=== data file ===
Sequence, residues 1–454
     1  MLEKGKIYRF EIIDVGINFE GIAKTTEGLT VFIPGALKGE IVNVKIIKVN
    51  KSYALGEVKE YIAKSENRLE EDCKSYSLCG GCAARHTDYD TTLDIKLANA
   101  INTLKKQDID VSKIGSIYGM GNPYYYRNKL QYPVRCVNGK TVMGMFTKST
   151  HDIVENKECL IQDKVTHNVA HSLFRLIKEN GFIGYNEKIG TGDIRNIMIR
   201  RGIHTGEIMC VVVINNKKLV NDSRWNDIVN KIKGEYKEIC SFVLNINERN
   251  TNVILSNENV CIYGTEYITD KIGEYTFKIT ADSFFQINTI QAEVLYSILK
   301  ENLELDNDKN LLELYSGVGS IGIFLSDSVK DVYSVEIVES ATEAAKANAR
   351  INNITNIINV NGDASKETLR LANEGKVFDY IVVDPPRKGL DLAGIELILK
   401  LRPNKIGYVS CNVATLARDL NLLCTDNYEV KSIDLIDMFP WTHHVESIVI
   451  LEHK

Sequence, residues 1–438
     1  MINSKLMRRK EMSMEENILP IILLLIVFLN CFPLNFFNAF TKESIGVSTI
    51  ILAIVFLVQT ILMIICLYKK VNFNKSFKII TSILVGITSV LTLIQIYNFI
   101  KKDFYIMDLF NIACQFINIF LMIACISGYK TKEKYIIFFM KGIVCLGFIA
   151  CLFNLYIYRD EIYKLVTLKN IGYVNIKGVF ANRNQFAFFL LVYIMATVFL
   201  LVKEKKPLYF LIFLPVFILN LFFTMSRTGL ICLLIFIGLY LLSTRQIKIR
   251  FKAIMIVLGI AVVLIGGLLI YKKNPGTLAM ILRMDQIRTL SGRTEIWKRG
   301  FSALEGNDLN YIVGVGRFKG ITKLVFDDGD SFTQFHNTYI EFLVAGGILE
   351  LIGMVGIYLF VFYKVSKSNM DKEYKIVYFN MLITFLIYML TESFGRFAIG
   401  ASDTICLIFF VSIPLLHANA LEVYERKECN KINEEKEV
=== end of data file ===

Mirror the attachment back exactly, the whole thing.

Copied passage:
Sequence, residues 1–454
     1  MLEKGKIYRF EIIDVGINFE GIAKTTEGLT VFIPGALKGE IVNVKIIKVN
    51  KSYALGEVKE YIAKSENRLE EDCKSYSLCG GCAARHTDYD TTLDIKLANA
   101  INTLKKQDID VSKIGSIYGM GNPYYYRNKL QYPVRCVNGK TVMGMFTKST
   151  HDIVENKECL IQDKVTHNVA HSLFRLIKEN GFIGYNEKIG TGDIRNIMIR
   201  RGIHTGEIMC VVVINNKKLV NDSRWNDIVN KIKGEYKEIC SFVLNINERN
   251  TNVILSNENV CIYGTEYITD KIGEYTFKIT ADSFFQINTI QAEVLYSILK
   301  ENLELDNDKN LLELYSGVGS IGIFLSDSVK DVYSVEIVES ATEAAKANAR
   351  INNITNIINV NGDASKETLR LANEGKVFDY IVVDPPRKGL DLAGIELILK
   401  LRPNKIGYVS CNVATLARDL NLLCTDNYEV KSIDLIDMFP WTHHVESIVI
   451  LEHK

Sequence, residues 1–438
     1  MINSKLMRRK EMSMEENILP IILLLIVFLN CFPLNFFNAF TKESIGVSTI
    51  ILAIVFLVQT ILMIICLYKK VNFNKSFKII TSILVGITSV LTLIQIYNFI
   101  KKDFYIMDLF NIACQFINIF LMIACISGYK TKEKYIIFFM KGIVCLGFIA
   151  CLFNLYIYRD EIYKLVTLKN IGYVNIKGVF ANRNQFAFFL LVYIMATVFL
   201  LVKEKKPLYF LIFLPVFILN LFFTMSRTGL ICLLIFIGLY LLSTRQIKIR
   251  FKAIMIVLGI AVVLIGGLLI YKKNPGTLAM ILRMDQIRTL SGRTEIWKRG
   301  FSALEGNDLN YIVGVGRFKG ITKLVFDDGD SFTQFHNTYI EFLVAGGILE
   351  LIGMVGIYLF VFYKVSKSNM DKEYKIVYFN MLITFLIYML TESFGRFAIG
   401  ASDTICLIFF VSIPLLHANA LEVYERKECN KINEEKEV